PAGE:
People exiting institutions and care into homelessness are a national priority homelessness cohort identified in the National Housing and Homelessness Agreement which came into effect on 1 July 2018 (CFFR 2018) (see Policy section for more information).
A client is identified as transitioning from a custodial setting if they are 10 years or older and provided any of the following information in their first support period (week before or at the beginning of support period):
Their dwelling type was:
One of their reasons for seeking assistance was:
Their formal referral source was:
Note, in the SHS collection it is not possible to distinguish between clients who have sought assistance without leaving an institutional setting (that is, they may have engaged with in-reach programs pending release from an institution) and those who may have left an institutional setting but returned prior to the end of support.
For more information see Technical notes.
In 2018–19 (Table EXIT.1):
Number of clients
Proportion of all clients
Rate (per 10,000 population)
Housing situation at the beginning of the first support period (proportion (per cent) of all clients)
At risk of homelessness
Length of support (median number of days)
Average number of support periods per client
Proportion receiving accommodation
Median number of nights accommodated
Proportion of a client group with a case management plan
Achievement of all case management goals (per cent)
Source: Specialist Homelessness Services Collection 2014–15 to 2018–19.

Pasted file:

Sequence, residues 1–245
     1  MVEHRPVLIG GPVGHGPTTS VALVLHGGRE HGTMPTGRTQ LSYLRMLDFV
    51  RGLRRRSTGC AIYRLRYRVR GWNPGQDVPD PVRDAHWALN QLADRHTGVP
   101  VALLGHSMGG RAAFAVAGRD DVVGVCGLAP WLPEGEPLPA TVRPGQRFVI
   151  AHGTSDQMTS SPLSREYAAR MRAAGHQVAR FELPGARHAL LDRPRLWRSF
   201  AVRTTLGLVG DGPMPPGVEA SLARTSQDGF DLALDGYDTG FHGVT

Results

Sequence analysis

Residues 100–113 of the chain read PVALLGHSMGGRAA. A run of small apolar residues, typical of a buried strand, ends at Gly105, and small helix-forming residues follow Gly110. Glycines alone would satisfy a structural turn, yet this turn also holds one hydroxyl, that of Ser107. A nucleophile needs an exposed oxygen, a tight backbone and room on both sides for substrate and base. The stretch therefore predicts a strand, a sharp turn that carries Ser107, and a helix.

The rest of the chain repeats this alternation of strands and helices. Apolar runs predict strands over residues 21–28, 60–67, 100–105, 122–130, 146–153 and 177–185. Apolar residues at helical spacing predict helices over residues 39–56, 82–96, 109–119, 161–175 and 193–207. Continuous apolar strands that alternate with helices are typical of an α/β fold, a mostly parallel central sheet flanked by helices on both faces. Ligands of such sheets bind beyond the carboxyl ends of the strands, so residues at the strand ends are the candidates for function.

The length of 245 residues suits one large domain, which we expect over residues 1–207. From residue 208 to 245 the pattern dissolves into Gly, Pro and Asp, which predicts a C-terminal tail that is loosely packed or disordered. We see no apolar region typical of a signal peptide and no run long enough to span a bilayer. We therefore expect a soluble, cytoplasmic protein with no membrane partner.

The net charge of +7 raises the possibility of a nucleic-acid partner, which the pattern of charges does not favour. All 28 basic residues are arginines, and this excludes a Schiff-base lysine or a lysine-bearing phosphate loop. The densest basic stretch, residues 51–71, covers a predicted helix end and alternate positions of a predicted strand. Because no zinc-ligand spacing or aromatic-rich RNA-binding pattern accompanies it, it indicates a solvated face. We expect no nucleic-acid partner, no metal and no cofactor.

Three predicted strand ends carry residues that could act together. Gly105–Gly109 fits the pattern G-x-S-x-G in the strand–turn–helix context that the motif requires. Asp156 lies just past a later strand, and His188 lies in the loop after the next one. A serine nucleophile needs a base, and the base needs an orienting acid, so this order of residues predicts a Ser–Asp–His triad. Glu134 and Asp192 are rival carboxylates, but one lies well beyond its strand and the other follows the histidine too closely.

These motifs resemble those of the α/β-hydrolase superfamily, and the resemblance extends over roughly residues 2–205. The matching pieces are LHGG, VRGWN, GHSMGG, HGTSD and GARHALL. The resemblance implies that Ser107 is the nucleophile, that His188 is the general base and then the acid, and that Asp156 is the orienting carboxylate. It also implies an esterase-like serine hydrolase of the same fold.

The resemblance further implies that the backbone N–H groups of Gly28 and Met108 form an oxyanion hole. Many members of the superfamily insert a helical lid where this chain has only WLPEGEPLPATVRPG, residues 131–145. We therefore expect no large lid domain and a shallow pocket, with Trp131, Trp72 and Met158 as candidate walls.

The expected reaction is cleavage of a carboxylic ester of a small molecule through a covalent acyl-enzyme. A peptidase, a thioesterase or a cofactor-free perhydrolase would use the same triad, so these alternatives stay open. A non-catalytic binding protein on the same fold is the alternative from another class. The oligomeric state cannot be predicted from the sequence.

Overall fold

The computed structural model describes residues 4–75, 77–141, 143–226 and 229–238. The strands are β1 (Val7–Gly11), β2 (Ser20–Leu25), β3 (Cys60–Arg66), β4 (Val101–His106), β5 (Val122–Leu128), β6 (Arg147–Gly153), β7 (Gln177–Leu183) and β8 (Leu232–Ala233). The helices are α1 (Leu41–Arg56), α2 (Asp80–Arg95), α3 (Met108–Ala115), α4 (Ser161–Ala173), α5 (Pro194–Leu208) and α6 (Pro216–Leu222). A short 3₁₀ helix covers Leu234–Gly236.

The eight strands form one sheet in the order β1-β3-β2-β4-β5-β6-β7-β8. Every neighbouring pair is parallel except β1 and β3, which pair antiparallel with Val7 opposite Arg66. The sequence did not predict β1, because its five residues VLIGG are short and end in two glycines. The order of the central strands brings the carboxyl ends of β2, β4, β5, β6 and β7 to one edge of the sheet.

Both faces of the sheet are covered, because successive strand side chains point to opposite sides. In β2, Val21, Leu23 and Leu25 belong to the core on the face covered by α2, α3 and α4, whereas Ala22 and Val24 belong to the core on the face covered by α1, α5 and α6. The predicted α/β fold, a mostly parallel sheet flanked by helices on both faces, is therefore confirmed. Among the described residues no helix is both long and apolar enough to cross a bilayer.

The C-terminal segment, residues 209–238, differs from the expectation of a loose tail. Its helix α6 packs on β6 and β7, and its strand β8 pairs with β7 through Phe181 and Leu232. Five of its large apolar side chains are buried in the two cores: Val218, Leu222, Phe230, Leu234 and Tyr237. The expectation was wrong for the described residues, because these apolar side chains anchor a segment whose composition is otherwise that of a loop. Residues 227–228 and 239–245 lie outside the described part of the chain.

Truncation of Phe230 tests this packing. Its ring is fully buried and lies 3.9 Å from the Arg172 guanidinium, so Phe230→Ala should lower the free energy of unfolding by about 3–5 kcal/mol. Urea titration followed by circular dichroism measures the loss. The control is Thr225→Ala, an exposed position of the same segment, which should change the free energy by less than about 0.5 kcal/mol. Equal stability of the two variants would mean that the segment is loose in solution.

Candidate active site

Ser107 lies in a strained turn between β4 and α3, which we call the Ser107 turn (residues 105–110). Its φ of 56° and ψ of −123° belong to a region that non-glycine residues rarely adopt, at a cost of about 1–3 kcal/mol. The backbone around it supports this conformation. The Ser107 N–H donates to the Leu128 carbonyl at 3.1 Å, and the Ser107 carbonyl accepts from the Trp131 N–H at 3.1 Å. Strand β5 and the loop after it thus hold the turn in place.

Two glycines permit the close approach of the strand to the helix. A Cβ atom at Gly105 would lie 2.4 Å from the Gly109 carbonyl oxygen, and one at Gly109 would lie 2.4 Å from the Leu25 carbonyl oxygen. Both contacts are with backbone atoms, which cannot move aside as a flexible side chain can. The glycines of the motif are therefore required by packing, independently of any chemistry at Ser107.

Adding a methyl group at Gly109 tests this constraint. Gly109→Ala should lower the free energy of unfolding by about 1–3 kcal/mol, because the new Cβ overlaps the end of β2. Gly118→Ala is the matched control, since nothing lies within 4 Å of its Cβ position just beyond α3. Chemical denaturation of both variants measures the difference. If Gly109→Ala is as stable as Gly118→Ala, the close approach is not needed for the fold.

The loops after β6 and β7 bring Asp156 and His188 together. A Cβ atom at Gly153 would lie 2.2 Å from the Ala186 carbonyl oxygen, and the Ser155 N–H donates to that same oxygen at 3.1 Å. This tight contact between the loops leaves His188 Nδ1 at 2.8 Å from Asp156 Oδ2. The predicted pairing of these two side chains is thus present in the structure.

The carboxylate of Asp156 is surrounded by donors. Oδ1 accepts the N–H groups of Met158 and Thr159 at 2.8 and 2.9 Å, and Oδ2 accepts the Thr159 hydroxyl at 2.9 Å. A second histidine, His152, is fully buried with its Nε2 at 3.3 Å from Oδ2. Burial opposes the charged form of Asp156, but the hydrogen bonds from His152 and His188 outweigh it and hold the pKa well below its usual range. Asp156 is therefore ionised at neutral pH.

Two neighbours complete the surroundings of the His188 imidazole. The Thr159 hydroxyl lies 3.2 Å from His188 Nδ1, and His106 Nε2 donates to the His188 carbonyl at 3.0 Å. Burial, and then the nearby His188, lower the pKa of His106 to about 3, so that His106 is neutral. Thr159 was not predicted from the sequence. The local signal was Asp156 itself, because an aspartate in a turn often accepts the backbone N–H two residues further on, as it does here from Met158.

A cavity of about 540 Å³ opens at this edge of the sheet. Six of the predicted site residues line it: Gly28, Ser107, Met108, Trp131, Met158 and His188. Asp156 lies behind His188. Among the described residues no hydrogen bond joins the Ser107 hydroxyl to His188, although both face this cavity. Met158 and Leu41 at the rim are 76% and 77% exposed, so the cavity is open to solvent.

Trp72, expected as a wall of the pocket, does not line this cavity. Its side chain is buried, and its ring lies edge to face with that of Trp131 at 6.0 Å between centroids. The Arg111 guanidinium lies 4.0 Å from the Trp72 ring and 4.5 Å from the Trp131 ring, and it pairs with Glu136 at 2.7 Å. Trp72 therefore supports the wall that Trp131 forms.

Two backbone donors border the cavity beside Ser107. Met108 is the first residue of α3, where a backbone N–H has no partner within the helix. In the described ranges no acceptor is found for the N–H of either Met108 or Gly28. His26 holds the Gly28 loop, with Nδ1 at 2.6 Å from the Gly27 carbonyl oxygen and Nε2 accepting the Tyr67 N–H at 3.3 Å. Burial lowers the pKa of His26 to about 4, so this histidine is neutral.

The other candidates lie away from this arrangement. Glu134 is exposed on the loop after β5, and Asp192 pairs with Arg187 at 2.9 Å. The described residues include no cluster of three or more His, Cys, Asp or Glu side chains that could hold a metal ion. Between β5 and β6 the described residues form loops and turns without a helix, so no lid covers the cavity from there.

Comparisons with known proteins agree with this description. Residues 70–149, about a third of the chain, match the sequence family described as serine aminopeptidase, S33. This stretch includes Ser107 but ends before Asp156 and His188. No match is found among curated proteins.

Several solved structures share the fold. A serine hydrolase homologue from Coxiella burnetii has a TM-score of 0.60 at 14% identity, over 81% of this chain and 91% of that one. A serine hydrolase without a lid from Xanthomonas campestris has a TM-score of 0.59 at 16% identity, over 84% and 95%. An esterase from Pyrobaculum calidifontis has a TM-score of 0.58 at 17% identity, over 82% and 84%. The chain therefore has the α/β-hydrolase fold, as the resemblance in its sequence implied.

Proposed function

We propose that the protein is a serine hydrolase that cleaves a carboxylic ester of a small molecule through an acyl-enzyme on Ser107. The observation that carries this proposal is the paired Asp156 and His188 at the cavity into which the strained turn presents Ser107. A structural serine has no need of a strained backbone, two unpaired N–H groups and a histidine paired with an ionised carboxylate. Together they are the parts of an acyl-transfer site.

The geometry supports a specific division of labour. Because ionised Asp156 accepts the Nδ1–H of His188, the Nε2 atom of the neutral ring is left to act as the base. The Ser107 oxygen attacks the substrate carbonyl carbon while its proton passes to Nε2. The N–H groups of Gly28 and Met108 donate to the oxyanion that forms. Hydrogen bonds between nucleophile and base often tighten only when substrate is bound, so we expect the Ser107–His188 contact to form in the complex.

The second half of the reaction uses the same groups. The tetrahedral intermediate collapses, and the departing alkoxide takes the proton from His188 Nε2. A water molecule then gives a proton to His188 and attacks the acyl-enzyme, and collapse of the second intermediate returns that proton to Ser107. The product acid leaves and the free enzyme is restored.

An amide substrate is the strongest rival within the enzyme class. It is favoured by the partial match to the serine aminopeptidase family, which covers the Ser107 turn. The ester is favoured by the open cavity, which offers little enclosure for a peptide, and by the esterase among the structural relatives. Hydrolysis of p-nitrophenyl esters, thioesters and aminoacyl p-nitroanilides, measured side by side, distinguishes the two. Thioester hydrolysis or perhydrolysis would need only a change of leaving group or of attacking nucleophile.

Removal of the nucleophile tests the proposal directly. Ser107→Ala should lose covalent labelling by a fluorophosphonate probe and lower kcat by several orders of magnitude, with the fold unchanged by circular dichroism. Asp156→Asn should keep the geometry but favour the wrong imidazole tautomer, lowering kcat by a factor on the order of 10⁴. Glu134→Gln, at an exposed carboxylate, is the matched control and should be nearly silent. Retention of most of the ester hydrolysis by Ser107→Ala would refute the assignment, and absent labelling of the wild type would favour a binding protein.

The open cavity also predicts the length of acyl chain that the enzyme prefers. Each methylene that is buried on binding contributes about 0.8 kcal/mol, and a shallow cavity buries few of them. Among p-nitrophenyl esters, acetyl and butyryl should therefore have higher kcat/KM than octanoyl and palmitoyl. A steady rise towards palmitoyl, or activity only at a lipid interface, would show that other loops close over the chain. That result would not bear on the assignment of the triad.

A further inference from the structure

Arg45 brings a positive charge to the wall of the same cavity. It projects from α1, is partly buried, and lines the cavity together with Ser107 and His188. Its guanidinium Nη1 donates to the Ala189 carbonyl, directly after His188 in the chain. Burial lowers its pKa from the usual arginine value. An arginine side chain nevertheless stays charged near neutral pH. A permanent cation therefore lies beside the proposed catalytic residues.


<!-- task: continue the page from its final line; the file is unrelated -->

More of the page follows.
One in 4 clients whose Indigenous status was known exiting custodial arrangements identified as Indigenous (26% or almost 2,400 clients). Female clients who were exiting custodial arrangements were more likely than male clients to identify as Indigenous (34% of females, compared with 24% of males).
SHS clients can face additional vulnerabilities that make them more susceptible to experiencing homelessness, in particular family and domestic violence, mental health issues and problematic drug and/or alcohol use.
In 2018–19, of the almost 9,600 clients exiting custody, 3 in 5 (62%) reported experiencing one or more of these vulnerabilities (Table EXIT.2):
Family and domestic violence
Mental health issue
and/or alcohol use
Source: Specialist Homelessness Services Collection 2018–19.
In 2018–19, the main reasons for seeking assistance among clients exiting custodial arrangements were:
Clients exiting custodial arrangements who were at risk of homeless at first presentation were more likely to identify their main reason for seeking assistance as transition from custodial arrangements (76% of those at risk, compared with 44% experiencing homelessness).
Compared with those who were at risk, clients exiting custodial arrangements who were homeless were more likely to report housing crisis (16%, compared with 5% at risk) or inadequate or inappropriate dwelling conditions (12%, compared with 2% at risk) as the main reason for seeking assistance.
Services needed and provided
Similar to the overall SHS population, clients exiting custodial arrangements needed general services that were provided by SHS agencies including advice/information, advocacy/liaison on behalf of client and other basic assistance.
Apart from general services, the most common services requested by clients exiting custody were:
Clients exiting custody were also more likely than the overall SHS population to request services including: